Baling Ditches Amanda Radke

Baling ditches a dangerous job

The ranching profession has many hidden dangers. A recent farm accident serves as a reminder to stay safe this summer.

Rain clouds hovered over our ranch yesterday morning. We stopped what we were doing to pray for some desperately needed moisture. Our pastures are dry and brown. The grass is brittle and has already gone dormant for the season. Hay prices are rising, and folks are scrambling to round up winter forages before the snow flies.

And despite our fervent prayers and the promising rumble of the thunder overhead, the storm clouds left just as fast as they came without even a single drop descending from above.

READ: Montana, Dakotas get emergency drought grazing authorization

In recent weeks, we’ve been busy baling ditches for extra hay — both round and square bales, and we’ve purchased ditch hay from the neighbors, as well. I must admit, I get a little nervous watching my husband sitting at an angle in the tractor as he passes through the ditches.

What if there’s a rock or a hole? What if he gets tired, veers off course and overcorrects? If he gets pinned under the tractor, what would I do? What about the passing traffic? Will they give him some space on the road as they pass him by?

There are certain risks one assumes when baling ditches. It seems like any job on a farm or ranch comes with some level of danger, and keeping alert and aware of your surroundings is a critical component to staying safe while working outside with heavy equipment, livestock and dangerously hot temperatures.

I was recently reminded of this when I read a blog featured on The Farmer’s Daughter USA titled, “Farming accident a bitter reminder.”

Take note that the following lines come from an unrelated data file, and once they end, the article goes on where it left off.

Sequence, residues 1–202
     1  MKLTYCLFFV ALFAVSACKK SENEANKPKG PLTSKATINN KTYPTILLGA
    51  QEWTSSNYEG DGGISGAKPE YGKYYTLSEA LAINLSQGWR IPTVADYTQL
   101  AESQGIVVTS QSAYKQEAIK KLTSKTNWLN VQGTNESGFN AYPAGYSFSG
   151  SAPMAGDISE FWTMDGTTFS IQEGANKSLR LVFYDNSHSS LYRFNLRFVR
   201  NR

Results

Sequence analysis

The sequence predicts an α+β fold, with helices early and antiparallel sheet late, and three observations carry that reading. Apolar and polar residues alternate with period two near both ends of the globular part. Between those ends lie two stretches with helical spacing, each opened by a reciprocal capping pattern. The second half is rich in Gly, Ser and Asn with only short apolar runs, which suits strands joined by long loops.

Here is an excerpt: “Michael, my brother, found out first from his mother-in-law. There was an agricultural accident on one of the roads near her house and the farmer was so bad he was being airlifted from the field. Michael knew we have some fields on that road, which is a particularly hilly area, and knew dad was out spraying. Before calling mom, he drove out there to make sure it wasn’t dad. Thankfully, it wasn’t.

“Nonetheless, when dad got home, mom immediately gave him a big hug, an earlier disagreement forgotten. After dinner, when we expected the emergency personnel were likely gone, we drove out there to see if it was one of the farmers we knew. It wasn’t. We found the field though. It was eerie.”

The blog post reminded folks to never leave the house angry, to slow down enough to tell your loved ones you care, and to stay sharp when working on the ranch. Read the entire blog post here.

My prayers are with the family impacted by this most recent farm accident. Let this serve as a quick reminder to all of us to be safe this summer! Whether you’re in the hay field, working cattle or wrangling kids outside, be aware of the hidden dangers and avoid heartache.

The opinions of Amanda Radke are not necessarily those of beefmagazine.com or Penton Agriculture.

TAGS: Nutrition
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